That should prove simple to remember but is a crucial factor. Should the slope result in draining in the opposite direction then the rainwater would get to your home which is the last thing you want.
Seven Useful Options For Ensuring An Appropriate Distance
Calculating the correct gutter size is one thing to consider, but there are several useful options for making sure that the distance away from your home is just right.
That means finding a method to redirect or collect the rainwater from your gutter far enough so it does not affect your home.
A splash block can be an effective way to make sure that the water keeps a fair distance away from your home.
They are simple to use and you only need to place them underneath the downspout and then tilt them away from your home.
With the right tilt in the right position, the splash block will help the rainwater to be efficiently funneled away from your home.
They could be moved by extreme weather conditions, in which case building permanent splash blocks is a good idea.
A downspout pipe can be added which can help move the rainwater along your driveway and even as far as the backyard.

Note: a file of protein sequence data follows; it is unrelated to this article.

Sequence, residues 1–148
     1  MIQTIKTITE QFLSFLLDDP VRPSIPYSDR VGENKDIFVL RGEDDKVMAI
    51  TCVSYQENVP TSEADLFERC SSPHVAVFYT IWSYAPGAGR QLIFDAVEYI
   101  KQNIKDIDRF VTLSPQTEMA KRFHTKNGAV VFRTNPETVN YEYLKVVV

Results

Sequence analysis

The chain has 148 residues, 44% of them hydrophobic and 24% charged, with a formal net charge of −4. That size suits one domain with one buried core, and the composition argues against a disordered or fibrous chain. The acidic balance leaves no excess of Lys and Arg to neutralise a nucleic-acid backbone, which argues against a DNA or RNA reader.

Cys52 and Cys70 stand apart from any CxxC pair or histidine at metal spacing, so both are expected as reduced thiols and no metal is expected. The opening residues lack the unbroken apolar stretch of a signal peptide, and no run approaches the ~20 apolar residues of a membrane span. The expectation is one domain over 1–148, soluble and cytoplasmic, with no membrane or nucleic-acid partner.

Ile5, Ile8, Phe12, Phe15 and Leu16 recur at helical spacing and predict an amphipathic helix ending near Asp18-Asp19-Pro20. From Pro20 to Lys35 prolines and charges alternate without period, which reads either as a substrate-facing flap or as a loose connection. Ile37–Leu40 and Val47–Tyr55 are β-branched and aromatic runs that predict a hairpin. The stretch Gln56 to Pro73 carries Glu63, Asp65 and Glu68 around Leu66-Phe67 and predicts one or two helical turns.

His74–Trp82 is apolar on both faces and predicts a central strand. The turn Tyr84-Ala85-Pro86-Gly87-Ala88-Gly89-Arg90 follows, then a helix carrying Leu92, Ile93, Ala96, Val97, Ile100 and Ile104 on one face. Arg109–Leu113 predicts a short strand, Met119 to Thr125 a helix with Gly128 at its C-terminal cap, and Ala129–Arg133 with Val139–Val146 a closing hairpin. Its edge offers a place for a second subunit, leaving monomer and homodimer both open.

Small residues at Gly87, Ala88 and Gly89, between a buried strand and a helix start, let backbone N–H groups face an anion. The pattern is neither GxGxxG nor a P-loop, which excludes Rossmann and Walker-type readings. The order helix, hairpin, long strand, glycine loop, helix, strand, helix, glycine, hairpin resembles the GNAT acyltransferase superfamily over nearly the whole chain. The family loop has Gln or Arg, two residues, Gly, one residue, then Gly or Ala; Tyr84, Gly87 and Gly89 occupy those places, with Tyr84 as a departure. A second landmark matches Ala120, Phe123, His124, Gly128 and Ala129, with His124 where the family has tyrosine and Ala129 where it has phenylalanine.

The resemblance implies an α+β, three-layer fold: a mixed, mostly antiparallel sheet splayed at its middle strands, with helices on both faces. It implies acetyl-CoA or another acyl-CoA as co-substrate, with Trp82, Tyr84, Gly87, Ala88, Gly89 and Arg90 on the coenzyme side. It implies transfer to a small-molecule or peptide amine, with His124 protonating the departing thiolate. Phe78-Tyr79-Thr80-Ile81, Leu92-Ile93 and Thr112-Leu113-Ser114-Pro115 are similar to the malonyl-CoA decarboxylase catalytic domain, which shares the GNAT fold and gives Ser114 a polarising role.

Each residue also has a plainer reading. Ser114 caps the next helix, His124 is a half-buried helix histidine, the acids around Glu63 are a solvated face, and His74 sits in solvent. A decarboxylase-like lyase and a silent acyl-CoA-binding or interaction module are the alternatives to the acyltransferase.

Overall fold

These do not funnel the rainwater away as much as place it further away from your home. You may want to consult a construction expert to get the job done properly.
A downspout extension connects to your downspout via elbows which can be plastic or metal.
These will collect the debris that is carried by the rainwater by their ridges as that debris can clog the runaway so should be cleaned quite often.
You may want to reinforce your foundation with gravel or rocks to make sure that soil erosion does not occur.
An extension made from aluminum should help and they can be simply bought at a local hardware store.
Stealth Flow Downspout Connector
Should you have a backyard that has mulch or landscaping then a stealth flow downspout connector can be installed.
This is a plastic connector that can be laid relatively low and remain discreet in your backyard.